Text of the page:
Computing stuff tied to the physical world

Kit with SMD parts

In Hardware on Jan 11, 2011 at 00:01

A few weeks ago, I ordered a DDS-60 kit, because I wanted to do some experiments with an adjustable frequency generator. The kit is very interesting because it is controlled via a microcontroller, and because it works from 1 to 60 MHz, which is quite an impressive range for such a simple module:

Dds 60 (top) 400a

The other intriguing aspect was that it is built with SMD parts, so this kit needs to package a lot of very small components. Here’s what I got:

Dsc 2394

Very nice package. Not only are the parts individually labeled, they even were color-marked on one side. Here’s the SMD resistor / capacitor packaging in more detail:

Dsc 2396

What is a bit hard to see, is that these parts were actually sandwiched between a sheet of paper and a sheet of transparent adhesive plastic.

It was great fun to put together (I haven’t had an opportunity to try it out yet, but there is ATmega software for it among a long page of other options).

My curiosity was triggered because I found that the production of SMD kits such as the JeeSMD is fairly labor intensive.

We’re bound to go there more and more though, as an an increasing number of DIP-packaged through-hole chips and sensors are starting to disappear.

I’m not sure what that means for the future of Physical Computing hobbyists. It could go a couple of ways, IMO:

  • more and more “break-out boards” with the small chip pre-soldered
  • more SMD-style kits like the DDS-60, for hand-soldering with tweezers
  • a move towards low-end reflow controllers with manually-applied solder paste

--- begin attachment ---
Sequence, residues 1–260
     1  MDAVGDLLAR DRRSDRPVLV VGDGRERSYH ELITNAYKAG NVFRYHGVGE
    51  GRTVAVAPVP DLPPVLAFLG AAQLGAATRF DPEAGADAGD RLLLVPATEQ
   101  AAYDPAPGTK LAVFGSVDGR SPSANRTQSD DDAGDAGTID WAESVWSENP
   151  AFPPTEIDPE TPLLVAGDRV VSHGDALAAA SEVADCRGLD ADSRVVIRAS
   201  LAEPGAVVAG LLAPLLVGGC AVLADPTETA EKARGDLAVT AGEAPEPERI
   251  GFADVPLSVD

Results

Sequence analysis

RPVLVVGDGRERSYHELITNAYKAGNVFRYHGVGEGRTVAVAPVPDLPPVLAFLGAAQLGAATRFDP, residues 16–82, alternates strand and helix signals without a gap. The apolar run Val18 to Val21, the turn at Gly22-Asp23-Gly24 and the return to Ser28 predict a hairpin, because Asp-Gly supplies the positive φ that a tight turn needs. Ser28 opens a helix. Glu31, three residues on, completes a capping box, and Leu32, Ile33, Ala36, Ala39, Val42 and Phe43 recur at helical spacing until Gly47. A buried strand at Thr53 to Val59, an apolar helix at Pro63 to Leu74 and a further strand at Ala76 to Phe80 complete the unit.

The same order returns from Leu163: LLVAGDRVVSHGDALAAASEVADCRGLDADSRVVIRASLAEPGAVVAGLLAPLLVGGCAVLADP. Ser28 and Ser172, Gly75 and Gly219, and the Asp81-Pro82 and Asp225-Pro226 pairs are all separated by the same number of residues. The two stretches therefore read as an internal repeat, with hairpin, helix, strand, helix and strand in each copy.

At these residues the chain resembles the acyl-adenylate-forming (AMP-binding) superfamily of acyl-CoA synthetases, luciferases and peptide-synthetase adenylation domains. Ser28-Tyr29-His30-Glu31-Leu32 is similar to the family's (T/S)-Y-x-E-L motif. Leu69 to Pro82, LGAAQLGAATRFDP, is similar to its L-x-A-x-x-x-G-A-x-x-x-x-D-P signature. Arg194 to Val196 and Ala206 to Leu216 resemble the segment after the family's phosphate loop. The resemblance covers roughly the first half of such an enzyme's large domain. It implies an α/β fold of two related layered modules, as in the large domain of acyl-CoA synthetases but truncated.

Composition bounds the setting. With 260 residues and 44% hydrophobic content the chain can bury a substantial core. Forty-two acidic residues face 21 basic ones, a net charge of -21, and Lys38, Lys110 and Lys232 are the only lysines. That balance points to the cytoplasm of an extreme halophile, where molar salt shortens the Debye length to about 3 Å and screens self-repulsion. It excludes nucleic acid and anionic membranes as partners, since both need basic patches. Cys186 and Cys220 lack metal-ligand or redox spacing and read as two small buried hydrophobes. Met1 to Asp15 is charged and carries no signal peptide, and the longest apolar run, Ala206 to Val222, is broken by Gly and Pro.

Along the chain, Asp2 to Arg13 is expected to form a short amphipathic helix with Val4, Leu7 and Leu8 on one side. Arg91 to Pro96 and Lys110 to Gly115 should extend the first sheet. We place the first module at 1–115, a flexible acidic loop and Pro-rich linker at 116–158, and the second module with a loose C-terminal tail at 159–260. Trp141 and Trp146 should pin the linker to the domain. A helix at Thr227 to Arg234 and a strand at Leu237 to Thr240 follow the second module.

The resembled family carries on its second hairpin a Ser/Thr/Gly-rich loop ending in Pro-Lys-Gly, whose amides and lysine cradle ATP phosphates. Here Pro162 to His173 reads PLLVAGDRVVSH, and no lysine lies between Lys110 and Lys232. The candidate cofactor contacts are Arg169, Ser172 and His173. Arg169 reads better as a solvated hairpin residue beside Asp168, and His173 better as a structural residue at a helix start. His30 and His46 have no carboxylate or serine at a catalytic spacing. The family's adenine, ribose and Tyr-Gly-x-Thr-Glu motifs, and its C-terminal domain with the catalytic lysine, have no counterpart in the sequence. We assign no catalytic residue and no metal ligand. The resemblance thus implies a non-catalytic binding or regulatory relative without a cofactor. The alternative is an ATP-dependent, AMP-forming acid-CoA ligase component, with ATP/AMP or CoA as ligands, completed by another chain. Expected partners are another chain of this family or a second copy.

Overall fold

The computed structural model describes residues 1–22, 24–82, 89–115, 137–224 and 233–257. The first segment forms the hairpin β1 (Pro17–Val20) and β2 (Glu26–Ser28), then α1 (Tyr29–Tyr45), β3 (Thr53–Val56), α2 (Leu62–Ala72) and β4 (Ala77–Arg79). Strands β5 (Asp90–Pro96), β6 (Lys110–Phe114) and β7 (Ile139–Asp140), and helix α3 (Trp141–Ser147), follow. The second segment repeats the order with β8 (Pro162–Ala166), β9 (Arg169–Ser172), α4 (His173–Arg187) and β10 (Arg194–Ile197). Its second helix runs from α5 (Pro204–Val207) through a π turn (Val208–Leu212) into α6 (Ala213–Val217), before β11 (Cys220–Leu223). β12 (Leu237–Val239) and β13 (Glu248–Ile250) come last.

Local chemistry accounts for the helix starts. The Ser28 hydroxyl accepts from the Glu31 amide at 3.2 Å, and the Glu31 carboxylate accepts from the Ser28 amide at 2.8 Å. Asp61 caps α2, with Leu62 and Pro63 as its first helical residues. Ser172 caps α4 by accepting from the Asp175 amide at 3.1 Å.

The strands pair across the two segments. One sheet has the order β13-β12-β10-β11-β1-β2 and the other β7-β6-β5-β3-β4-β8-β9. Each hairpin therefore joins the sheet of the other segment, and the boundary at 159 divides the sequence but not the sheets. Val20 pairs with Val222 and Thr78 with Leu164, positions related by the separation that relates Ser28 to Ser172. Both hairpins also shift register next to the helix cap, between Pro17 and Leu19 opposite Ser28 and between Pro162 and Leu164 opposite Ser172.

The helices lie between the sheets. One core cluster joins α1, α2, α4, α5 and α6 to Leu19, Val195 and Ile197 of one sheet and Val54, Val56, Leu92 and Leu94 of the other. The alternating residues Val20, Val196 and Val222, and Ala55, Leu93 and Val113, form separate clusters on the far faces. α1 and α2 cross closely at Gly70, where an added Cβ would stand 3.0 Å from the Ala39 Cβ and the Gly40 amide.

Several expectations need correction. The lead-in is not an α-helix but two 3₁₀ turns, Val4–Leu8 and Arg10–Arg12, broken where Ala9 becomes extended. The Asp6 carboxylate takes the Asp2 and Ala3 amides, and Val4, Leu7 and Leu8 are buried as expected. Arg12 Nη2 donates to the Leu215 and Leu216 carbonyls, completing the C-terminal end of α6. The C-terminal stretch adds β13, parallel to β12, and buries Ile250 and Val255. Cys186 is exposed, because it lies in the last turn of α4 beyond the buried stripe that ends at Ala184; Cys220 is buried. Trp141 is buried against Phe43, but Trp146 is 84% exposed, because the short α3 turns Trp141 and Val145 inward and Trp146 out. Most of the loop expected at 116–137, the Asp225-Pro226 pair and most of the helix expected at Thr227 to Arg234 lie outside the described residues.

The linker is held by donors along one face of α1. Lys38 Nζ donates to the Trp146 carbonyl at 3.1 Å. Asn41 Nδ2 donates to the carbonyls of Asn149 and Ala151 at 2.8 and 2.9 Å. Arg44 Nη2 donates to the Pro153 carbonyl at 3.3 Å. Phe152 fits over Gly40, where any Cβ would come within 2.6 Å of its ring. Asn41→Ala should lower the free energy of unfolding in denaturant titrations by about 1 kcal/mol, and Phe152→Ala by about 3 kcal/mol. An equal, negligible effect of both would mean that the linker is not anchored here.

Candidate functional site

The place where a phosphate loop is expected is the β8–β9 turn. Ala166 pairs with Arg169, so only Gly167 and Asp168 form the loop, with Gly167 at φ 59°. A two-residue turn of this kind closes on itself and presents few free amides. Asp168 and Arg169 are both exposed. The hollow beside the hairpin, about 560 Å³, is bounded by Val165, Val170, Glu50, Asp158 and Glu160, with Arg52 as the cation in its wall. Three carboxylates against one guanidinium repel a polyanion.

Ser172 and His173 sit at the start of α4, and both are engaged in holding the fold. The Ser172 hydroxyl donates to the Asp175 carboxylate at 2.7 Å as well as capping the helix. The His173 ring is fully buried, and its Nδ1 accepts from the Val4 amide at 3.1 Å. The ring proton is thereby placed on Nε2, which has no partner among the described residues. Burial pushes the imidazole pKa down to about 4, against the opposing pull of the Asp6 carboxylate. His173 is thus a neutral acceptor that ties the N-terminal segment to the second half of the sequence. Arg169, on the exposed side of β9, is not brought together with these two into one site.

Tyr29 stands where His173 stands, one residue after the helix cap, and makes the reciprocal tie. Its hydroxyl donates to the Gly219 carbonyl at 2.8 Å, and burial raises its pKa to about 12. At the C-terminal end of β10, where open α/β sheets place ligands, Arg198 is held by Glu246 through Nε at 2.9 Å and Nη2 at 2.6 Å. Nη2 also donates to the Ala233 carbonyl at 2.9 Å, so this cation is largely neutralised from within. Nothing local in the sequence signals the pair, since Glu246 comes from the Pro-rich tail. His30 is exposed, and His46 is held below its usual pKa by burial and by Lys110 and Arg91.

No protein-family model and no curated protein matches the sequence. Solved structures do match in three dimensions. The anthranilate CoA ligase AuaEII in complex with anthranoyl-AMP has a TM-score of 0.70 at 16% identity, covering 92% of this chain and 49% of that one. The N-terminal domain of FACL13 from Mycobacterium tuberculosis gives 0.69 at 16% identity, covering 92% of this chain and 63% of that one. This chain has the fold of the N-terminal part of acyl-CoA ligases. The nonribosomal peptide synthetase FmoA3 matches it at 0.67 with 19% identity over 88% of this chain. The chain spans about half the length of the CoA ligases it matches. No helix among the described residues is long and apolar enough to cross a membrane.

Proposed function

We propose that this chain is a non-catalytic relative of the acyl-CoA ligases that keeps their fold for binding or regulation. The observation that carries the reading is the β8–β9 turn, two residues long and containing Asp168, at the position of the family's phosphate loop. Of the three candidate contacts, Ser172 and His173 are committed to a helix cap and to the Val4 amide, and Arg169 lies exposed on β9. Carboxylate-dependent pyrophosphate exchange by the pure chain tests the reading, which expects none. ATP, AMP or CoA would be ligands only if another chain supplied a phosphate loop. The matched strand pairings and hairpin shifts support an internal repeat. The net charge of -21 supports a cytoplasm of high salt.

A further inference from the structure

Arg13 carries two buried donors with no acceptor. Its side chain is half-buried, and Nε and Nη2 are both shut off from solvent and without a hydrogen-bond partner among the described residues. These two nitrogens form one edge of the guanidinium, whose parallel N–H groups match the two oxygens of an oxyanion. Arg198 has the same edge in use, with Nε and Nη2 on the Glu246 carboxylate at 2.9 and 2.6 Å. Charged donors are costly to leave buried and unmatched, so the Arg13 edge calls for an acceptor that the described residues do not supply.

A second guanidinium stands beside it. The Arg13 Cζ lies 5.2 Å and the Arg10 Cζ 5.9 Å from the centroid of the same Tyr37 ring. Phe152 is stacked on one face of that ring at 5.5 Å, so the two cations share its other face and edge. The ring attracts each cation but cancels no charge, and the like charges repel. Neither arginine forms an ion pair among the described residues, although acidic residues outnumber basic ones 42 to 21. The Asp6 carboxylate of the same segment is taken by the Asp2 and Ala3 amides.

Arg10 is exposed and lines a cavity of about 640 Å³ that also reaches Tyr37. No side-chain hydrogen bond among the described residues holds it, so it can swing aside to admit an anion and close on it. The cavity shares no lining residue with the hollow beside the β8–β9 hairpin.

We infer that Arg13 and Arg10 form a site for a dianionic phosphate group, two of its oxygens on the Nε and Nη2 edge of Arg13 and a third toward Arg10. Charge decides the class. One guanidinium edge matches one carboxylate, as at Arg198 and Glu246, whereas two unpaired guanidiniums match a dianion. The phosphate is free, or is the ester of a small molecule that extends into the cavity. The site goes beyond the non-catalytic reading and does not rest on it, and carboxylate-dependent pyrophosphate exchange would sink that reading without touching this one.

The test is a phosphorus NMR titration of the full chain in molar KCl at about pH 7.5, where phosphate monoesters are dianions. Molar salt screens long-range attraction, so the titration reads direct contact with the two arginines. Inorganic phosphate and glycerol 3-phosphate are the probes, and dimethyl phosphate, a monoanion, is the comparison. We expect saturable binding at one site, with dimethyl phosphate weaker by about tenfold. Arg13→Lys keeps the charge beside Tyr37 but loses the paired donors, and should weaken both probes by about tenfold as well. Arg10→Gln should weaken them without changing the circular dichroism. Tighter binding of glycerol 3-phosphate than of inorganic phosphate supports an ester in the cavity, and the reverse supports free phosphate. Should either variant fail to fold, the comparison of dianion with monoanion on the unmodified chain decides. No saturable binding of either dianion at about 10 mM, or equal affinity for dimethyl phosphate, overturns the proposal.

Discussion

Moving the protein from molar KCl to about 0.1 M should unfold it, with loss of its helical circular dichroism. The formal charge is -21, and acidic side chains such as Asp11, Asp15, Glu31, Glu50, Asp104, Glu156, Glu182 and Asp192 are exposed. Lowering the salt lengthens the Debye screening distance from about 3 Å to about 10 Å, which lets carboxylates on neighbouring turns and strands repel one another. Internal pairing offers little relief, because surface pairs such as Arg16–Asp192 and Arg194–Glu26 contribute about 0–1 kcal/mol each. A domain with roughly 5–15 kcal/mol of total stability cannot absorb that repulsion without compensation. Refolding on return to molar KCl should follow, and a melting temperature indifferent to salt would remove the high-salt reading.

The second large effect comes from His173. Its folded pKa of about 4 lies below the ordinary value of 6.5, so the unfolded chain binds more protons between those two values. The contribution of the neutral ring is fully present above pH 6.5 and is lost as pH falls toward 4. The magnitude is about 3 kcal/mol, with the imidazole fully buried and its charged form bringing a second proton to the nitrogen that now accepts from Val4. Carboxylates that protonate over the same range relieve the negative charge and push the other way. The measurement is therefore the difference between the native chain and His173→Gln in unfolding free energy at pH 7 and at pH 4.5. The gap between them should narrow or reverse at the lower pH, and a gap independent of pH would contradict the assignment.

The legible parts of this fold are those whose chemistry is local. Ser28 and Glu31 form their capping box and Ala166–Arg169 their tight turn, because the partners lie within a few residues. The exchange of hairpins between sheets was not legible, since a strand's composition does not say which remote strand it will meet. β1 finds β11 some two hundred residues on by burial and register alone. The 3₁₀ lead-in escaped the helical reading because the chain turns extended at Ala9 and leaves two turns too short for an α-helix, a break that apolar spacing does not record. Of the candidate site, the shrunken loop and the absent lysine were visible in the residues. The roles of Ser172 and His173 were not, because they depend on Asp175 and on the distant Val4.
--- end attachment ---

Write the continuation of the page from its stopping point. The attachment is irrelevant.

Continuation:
• … something else?

The first feels a bit more Lego-like to me, though it’s really an artificial distinction – as hobbyists, we’ve never manufactured the chips ourselves either, so it’s just one small “pre-fab” step extra.

Soooo… given the choice, in which direction would you want JeeLabs to go?

  1. I think the third option– cheapo reflow controllers– would be the best way to go. Now, if that were a through hole kit, all the better ;)

    It does make prototyping more difficult, since SMD components make breadboards obsolete; that’s where break-out boards become critical.

  2. more SMD-style kits like the DDS-60, for hand-soldering with tweezers

    a move towards low-end reflow controllers with manually-applied solder paste

    PLEASE not prefabricated

  3. hm, maybe cheap (!) reflow.

  4. Please do not underestimate the incompetence of some of us with a soldering iron! I for one would prefer options which enable me to never touch a soldering iron (or reflow setup) if possible.

  5. The same as Rubi, anything but prefab!

    I don’t mind soldering SMD by hand. I must admit that I had avoided it until I tried a JeeNode SMD, but it wasn’t too bad. So far they have all been successful. I should have realised that since my father taught me how to solder when I was 10 years old I might have actually got the hang of it by now!

    I suspect reflow would require an equally steady hand when placing the paste mask and components so I’d probably just opt for hand soldering because it would either be faster, or at least keep me busy until the board was done… Waiting for a timer to go ping on a modified sandwich toaster would have me wearing out the carpet pacing up and down!